• Issue #27: Networking

    Issue #27: Networking

    Welcome to the twenty-seventh issue of De Programmatica Ipsum, dedicated to the subject of Networking. In this edition, Graham explores one of the most mysterious slogans of all time in the computer industry; Adrian recalls his first steps on the Internet with a capital letter; and in the Library section, Graham peruses two of the most important works of Steve McConnell, namely "Code Complete, 2nd Edition" and "More Effective Agile".

  • Issue #27: Networking

    Sniffing Packets

    I remember vividly the first time I saw somebody "online." It was early in a morning of December 1994, in the hallways of the "Sciences 2" building of the University of Geneva. One of my classmates, who worked part-time as a professional software developer, was connected to a terminal with glowing yellow text over a dark brown background. To my question about what he was doing, he answered with a simple "I am downloading stuff from Apple's server in California."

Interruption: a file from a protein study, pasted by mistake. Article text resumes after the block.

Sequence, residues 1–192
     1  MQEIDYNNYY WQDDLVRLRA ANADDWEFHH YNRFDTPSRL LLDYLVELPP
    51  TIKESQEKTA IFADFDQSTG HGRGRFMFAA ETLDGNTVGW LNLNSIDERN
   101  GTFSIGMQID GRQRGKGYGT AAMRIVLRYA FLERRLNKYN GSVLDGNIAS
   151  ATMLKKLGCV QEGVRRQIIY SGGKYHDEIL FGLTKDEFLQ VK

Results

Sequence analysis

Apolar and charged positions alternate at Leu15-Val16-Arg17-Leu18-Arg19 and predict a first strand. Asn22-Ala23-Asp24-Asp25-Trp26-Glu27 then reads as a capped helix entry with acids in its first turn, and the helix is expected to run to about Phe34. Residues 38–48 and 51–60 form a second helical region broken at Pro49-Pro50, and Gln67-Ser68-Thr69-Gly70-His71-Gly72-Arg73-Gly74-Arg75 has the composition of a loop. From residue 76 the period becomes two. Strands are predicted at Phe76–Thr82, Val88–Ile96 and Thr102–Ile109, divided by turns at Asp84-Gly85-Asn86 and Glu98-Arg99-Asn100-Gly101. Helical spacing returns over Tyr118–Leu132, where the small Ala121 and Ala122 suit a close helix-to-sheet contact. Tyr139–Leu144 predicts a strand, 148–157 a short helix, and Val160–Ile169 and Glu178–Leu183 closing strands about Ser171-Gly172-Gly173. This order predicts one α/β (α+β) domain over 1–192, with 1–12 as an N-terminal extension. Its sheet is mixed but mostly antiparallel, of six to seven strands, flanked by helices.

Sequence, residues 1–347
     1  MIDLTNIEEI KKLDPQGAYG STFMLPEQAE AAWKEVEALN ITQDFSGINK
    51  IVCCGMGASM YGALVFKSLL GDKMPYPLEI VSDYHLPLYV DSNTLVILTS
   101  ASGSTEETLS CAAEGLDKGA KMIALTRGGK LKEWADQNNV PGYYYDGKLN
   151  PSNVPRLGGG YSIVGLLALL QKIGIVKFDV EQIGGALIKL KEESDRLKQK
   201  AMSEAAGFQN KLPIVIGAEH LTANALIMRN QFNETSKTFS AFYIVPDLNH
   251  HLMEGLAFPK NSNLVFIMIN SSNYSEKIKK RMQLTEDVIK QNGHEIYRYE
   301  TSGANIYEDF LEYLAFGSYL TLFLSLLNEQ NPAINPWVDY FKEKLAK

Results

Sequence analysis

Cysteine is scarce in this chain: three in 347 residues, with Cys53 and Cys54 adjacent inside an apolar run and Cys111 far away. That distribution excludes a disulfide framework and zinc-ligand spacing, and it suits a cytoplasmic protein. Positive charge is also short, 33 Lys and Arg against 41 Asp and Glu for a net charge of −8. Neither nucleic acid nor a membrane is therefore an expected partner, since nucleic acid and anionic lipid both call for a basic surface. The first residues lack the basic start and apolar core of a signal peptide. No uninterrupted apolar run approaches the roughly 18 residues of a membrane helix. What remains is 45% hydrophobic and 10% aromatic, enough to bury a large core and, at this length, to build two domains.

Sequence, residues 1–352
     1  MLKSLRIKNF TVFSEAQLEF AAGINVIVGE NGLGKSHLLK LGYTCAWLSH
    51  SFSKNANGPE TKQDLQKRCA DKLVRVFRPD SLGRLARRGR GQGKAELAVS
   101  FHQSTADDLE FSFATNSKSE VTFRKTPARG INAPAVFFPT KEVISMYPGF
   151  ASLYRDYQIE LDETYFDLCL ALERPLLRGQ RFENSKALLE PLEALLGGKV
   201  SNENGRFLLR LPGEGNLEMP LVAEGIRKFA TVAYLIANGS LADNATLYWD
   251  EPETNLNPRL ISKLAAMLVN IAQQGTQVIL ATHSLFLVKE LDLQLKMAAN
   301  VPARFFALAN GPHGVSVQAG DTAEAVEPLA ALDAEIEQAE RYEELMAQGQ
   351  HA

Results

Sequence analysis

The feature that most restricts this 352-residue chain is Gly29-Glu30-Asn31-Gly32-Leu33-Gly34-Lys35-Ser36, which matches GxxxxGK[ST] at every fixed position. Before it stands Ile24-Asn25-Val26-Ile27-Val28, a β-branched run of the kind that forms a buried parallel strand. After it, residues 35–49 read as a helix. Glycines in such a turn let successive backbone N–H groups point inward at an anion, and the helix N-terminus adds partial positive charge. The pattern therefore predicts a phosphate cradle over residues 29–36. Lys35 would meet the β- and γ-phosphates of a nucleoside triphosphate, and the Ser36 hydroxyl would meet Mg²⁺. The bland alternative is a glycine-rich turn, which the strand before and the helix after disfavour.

• Issue #26: Hardware

    Breaking The 3 GHz Barrier

    My first serious attempt at understanding computer hardware happened during college, in 1994. One of the labs consisted in wiring a 4-bit processor to a series of switches and a LED display. The objective was to make a very simple operation: starting from zero, make the display increment one digit every time the switch is activated. Or, as it is commonly know, to make a bare bones half adder.

  • Issue #26: Hardware,  Library

    Peter Norton

    Some successful computer books have earned memorable nicknames. There is the "K&R" book, the “Gang of Four” book, and, to please generations of board and role game players, there are also the "Wizard Book", the "Dragon Book", and the "Dinosaur Book". There's the "Camel" book and the "Pickaxe" book. And then, with a decidedly more corporate look and feel, let us talk today about the "Pink Shirt" book, officially titled "The Peter Norton Programmer's Guide to the IBM PC." More corporate, yes, because the PC was after all a business machine coming from a business corporation.